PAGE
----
This question is a common concern of many swimming teachers and is governed by the answer to another question: How many students can the teacher see at any given moment? Obviously, the answer has to be “all of them”. If the teacher, when in water, can safely observe the entire class at all times, then this is considered permissible. However, to be in the water at the same level as the students, so that only a few of them can be seen, is considered an unsafe practice. The ability levels of the students also need to be taken into consideration, as beginner-level students need to have the teacher in the water with them.
Beginner and intermediate students benefit more and often respond better by having interaction with the teacher in the water. As long as supervision is maintained, students benefit from teacher demonstrations, communication on the same level, and a greater sense of safety and comfort.
When instructing in or out of the water, the teacher should be able to observe the students at all times.
The teacher must be prepared to enter the water in the event of an emergency and therefore must be appropriately attired.
The use of swimming aids is important for developing kicking ability. The most commonly used teaching aid is the kickboard, which should be introduced in the learn-to-swim and water safety programs. The kickboard should be thin enough to sit comfortably in the young swimmer’s hand. Initially, the swimmer should hold the kickboard with the hands apart, fingers on top and thumbs underneath (as in answer A above)
As the skill of the swimmer improves and their confidence grows they should hold the kicboard by the sides, with hands approximately shoulder-width apart, fingers curled under and thumbs on top pointing in the direction of propulsion (as in answer B above). Why? Holding the board at the leading edge (the one furthest away from the swimmer’s face as in answer C) tends to keep the swimmer too high in the water and force the hips down too deep; holding the kickboard at the edge closest to the swimmer’s face with fingers on top of the board reinforces a dropped wrist position, which is a difficult fault to correct.
As skills improve and confidence grows, the introductory strokes development group swimmer will not rely heavily on the kickboard. If skill quality is maintained, the advanced hand position should change in order to prevent a dropped wrist when releasing the kickboard to initiated a stroke (when doing drills of how to stroke). The wrist-up position (ie wrist higher than fingers) must be maintained when releasing the kickboard and this cannot be achieved with a hands-on-top-of-the-board position (as in answer D).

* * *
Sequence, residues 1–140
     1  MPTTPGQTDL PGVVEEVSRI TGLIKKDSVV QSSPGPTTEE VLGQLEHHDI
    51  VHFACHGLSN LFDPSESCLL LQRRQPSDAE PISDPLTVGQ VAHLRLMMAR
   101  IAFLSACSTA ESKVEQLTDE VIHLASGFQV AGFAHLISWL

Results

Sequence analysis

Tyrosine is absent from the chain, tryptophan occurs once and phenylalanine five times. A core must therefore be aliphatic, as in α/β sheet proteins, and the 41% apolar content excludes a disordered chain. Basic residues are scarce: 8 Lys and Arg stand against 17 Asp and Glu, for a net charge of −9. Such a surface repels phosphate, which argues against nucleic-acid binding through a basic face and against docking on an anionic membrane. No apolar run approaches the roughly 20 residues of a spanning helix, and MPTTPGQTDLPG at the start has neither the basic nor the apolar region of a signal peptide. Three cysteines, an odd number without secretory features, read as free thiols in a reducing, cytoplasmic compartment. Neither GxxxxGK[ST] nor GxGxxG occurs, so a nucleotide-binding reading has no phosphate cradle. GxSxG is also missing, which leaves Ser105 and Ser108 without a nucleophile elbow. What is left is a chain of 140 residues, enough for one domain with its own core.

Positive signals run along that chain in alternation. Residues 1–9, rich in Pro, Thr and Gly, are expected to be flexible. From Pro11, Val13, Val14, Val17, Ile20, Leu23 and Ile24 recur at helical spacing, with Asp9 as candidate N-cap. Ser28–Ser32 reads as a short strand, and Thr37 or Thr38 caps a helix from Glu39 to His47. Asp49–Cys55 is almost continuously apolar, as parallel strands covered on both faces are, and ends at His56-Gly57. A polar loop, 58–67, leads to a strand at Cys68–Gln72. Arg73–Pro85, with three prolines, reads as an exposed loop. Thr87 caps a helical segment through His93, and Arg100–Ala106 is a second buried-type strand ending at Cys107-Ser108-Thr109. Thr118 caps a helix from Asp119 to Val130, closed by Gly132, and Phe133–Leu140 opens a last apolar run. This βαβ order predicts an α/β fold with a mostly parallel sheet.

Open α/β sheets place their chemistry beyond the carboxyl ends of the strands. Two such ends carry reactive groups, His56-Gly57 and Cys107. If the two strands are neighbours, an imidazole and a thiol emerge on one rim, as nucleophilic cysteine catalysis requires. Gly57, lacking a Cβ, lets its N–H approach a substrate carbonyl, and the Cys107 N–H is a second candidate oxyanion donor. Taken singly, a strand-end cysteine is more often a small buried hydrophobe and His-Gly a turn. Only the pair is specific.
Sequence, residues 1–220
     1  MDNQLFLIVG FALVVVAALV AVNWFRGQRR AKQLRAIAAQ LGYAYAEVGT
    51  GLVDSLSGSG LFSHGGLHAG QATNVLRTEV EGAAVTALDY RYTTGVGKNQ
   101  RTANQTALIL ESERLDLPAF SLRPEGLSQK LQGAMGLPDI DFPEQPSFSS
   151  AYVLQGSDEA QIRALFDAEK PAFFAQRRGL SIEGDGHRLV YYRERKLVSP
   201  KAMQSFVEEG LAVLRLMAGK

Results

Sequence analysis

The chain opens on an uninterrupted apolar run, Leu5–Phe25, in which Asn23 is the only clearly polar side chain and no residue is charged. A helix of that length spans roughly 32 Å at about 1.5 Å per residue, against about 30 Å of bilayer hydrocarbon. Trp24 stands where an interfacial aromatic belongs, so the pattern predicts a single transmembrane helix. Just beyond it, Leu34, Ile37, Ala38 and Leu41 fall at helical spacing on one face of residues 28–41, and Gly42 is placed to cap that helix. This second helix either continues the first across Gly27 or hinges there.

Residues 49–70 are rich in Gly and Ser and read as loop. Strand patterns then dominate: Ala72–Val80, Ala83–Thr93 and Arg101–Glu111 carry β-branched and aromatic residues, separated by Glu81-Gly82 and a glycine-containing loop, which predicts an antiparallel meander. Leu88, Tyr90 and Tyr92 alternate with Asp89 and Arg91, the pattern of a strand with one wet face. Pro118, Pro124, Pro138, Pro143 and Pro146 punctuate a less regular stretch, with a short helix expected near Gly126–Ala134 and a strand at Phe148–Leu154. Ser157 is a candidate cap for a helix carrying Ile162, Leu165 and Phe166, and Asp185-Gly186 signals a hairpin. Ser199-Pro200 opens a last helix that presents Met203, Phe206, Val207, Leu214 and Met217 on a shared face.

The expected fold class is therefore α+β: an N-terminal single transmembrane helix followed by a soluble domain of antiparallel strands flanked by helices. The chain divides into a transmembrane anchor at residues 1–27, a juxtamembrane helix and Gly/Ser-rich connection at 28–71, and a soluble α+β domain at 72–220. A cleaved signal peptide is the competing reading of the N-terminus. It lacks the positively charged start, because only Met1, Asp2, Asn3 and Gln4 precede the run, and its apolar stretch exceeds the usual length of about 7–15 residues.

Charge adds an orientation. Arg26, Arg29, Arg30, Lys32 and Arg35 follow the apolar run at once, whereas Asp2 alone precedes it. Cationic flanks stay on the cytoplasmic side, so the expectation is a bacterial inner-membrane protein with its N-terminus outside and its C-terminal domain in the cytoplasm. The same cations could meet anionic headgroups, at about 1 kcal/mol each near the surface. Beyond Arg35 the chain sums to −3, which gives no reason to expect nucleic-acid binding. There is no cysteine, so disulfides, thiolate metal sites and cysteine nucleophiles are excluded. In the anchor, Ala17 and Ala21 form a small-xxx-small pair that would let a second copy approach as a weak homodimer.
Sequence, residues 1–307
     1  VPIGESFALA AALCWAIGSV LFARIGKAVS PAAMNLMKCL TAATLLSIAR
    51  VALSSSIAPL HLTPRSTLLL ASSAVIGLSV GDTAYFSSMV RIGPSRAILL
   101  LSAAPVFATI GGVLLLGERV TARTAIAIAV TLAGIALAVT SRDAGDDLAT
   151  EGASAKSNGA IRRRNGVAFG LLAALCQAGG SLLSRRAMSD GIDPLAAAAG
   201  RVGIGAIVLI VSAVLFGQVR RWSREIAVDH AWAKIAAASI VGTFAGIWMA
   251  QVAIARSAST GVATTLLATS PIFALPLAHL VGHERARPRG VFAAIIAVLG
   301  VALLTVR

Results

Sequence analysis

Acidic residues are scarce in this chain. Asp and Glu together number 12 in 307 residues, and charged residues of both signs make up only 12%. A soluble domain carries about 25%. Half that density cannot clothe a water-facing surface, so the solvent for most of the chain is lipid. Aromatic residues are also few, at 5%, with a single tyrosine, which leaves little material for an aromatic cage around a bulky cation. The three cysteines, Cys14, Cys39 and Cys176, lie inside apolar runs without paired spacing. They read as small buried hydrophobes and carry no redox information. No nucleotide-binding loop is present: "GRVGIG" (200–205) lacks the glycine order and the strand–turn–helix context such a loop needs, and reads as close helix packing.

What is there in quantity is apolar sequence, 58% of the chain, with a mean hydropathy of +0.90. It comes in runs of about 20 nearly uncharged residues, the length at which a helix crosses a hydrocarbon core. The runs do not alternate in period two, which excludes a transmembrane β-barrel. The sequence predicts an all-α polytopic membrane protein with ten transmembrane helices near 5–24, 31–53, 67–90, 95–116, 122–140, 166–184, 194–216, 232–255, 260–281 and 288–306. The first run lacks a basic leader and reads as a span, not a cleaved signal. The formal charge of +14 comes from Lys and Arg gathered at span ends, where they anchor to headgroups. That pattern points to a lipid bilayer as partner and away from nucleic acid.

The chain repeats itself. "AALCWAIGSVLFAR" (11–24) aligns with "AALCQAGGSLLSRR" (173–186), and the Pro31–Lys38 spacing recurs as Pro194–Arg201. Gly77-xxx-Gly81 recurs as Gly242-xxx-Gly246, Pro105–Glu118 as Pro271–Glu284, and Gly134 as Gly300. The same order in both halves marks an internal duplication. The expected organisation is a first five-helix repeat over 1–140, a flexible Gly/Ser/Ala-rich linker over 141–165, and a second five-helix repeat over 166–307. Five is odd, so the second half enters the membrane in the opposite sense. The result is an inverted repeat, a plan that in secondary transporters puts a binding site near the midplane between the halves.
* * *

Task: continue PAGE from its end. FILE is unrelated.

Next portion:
The hand position and the size of the kickboard should change as the skill level improves. Use a of a smaller board should be recognized as an achievement in the introductory strokes development group. The kickboard’s size can be reduced – just cut off the back end of the board. Alternatively, the board can be turned sideways, which also increases resistance.
For advanced kicking and body position skills for backstroke, breaststroke and butterfly, introductory strokes development group swimmers can advance to just holding a large rubber band or a tube band. Swimmers should concentrate on a greater kicking effort and a locked, elbow-in body position.
The short answer is … as many as the coach recommends and the swimmer is available for. However, there is no one right answer to this question. Basic training principles tell us that every swimmer is unique. Eight sessions a week for one swimmer may be ideal: for another it may not be enough: yet for another it may be excessive. In addition, each sports has unique demands. However, there are a few guidelines:
Most sports are built around skills and techniques. No matter how many sessions are done, how many kilometers are covered, ho much weight is lifted, the most important aspect of many sports is good technique.
The body will respond to the stresses and loads placed upon it, providing it is given enough time and the right conditions to recover and adapt. In other words the more training, the more emphasis on rest and recovery.
Young simmers should not work at high intensity for sustained periods.
The last guideline is perhaps the most important. Too many coaches, when faced with the situation of swimmers not improving, try to increase the intensity level of the training, believing that more work means better swimmers.